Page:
Update at 1445 GMT Thursday 19 November 2009: This event has now been cancelled due to the bad weather across the county. Listen to BBC Radio Cumbria for the latest information.
The world's biggest liars are getting ready to take part in a famous Cumbrian contest which dates back to the 19th Century.
The annual event was inspired by the tall tales of a publican called Will Ritson.
Every November competitors tell their biggest lies in an attempt to follow in the footsteps of 'Auld Will'.
Previous winners include TV star Sue Perkins who won the contest in 2006 with an unusual tale about sheep.
TRUTHS ABOUT THE BIGGEST LIAR
The famous Cumbrian publican Will Ritson lived between 1808 and 1890.
Politicians and members of the legal profession are banned from taking part as "they are too practised in the art".
Entrants are given a minimum of two minutes, a maximum of five minutes and dialects are permitted.
Any contestant winning for three consecutive years is automatically excluded from entry for one year.
The winner is referred to as "The World's Biggest Liar" for as long as they hold the title.
Although the competition is unique to Cumbria, competitors are invited from all over the world.
Previous winners have provided some excellent advice on how to win the contest.
Two time winner Mike Naylor says "In 2004 I told a story about the flooding of Wasdale Valley and that all the sheep turned into fish."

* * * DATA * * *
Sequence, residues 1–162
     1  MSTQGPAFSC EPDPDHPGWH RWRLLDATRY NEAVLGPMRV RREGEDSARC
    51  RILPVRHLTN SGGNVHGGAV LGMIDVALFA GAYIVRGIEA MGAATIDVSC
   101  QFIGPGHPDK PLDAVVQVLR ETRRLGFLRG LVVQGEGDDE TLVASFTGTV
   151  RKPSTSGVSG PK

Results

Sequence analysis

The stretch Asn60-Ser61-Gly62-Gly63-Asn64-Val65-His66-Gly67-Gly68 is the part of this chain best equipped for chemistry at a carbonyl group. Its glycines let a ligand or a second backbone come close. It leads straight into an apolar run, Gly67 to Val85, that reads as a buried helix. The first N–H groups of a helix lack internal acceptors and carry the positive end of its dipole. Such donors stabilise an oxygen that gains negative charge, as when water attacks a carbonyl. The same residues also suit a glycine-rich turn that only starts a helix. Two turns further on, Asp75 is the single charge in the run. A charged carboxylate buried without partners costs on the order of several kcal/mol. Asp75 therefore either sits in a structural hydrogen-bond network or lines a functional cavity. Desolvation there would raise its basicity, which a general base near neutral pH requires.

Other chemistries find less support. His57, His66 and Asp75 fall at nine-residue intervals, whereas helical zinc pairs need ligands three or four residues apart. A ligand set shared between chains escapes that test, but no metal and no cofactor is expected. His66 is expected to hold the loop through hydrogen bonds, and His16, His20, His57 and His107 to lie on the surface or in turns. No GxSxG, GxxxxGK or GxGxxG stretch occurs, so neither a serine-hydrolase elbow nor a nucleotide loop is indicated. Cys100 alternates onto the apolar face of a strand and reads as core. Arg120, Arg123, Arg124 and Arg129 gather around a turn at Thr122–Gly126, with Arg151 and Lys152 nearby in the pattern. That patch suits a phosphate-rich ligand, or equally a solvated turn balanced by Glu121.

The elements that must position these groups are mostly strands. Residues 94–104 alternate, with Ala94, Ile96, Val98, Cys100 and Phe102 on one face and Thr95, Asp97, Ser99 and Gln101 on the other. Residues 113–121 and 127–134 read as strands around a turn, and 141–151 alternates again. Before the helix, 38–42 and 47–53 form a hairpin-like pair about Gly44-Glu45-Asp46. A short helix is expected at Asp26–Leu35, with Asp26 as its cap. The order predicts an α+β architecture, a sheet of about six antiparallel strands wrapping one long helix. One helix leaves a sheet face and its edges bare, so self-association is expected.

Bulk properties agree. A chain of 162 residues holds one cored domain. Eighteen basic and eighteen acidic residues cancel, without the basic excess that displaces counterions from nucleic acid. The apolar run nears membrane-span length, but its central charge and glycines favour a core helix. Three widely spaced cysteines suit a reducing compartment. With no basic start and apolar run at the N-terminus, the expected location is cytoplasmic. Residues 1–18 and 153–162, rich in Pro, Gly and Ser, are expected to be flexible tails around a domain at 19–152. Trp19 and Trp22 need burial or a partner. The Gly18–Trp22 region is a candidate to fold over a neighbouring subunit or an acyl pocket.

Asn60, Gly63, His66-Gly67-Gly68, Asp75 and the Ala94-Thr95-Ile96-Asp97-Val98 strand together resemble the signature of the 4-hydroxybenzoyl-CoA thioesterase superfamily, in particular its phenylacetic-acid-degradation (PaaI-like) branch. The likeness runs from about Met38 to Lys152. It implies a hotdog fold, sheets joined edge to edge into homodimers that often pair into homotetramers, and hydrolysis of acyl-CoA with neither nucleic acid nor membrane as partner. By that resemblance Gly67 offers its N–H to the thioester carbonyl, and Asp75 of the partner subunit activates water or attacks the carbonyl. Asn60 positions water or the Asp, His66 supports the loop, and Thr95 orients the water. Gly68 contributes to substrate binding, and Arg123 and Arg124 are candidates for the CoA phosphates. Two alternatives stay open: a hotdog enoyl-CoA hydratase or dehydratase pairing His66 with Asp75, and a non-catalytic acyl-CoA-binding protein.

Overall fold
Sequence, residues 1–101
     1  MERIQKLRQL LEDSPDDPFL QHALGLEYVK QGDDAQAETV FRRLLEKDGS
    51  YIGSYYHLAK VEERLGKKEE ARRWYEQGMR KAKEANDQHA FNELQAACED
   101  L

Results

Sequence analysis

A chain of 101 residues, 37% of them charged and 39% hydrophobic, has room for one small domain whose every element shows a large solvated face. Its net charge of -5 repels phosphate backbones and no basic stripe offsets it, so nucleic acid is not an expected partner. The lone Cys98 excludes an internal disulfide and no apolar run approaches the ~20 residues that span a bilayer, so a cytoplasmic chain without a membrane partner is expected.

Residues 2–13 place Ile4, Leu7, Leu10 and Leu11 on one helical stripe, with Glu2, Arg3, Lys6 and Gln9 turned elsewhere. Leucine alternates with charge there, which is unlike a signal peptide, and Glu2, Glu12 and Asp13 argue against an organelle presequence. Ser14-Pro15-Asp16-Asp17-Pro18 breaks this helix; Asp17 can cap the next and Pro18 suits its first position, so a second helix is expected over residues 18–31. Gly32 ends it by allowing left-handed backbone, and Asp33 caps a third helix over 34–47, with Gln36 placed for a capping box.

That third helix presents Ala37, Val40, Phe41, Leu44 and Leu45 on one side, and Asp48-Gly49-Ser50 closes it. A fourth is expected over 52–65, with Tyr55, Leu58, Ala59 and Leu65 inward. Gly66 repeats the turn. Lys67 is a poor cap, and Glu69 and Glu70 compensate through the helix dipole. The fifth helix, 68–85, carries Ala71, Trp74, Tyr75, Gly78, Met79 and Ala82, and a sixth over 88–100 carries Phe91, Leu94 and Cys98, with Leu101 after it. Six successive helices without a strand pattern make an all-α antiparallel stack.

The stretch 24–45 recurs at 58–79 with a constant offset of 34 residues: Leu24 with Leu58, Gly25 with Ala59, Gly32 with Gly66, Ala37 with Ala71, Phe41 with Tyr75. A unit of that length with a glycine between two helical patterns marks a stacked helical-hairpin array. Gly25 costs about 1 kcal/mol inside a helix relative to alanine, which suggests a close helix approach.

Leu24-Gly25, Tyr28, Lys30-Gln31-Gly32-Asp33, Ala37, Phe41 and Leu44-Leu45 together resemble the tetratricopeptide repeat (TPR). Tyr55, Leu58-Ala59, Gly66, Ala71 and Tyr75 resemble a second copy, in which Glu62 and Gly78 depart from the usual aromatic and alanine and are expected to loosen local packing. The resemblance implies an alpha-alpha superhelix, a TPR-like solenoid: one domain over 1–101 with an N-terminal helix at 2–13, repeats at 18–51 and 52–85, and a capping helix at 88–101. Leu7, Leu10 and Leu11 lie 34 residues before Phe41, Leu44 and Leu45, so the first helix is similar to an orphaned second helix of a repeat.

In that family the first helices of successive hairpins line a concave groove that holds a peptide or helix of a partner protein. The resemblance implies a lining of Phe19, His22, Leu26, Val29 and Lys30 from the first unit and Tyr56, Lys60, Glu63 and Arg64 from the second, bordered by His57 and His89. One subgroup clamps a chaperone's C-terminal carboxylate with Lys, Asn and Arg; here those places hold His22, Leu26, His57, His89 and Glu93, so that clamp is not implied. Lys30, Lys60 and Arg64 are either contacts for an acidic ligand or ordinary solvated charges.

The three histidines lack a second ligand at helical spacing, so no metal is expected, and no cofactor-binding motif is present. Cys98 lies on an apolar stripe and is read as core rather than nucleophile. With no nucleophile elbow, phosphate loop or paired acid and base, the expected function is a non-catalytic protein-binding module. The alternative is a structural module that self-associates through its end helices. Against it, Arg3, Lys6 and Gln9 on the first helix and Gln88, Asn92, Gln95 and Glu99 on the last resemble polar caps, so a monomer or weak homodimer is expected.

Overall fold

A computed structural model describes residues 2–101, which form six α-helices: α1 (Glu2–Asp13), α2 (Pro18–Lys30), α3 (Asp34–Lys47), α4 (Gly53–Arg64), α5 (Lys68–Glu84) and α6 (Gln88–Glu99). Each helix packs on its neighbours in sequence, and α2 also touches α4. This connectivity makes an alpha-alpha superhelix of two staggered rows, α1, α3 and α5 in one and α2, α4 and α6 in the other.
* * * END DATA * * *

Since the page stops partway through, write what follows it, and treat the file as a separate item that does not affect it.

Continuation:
James Mason, who won the contest in 1998, says "Keep your cool and keep your story a secret. It's a great atmosphere on the night but it can be overwhelming to newcomers."
I undertook a rigorous and physically demanding routine. I ran up all the fells in Wasdale - all 16 - and toured all the pubs in Cumbria over a period of two weeks to soak up the jokes and anecdotes.
Howard Christie, 1997 winner
Seven times winner
Nobody has been as successful as seven time title holder, John 'Johnny Liar' Graham.
John managed to clinch the 2008 title when he impressed the judges with a suspect story of an adventurous trip to Whitehaven that saw him ride the depths of the ocean on his horse, Daisy and fly back by utilising a giant skate.
"I was chuffed to bits to be crowned champ again," said Johnny.
"It was a great turn out on the night with some stiff competition. I'll certainly be back to defend my title this year - as long as I keep winning, I'll keep turning up."
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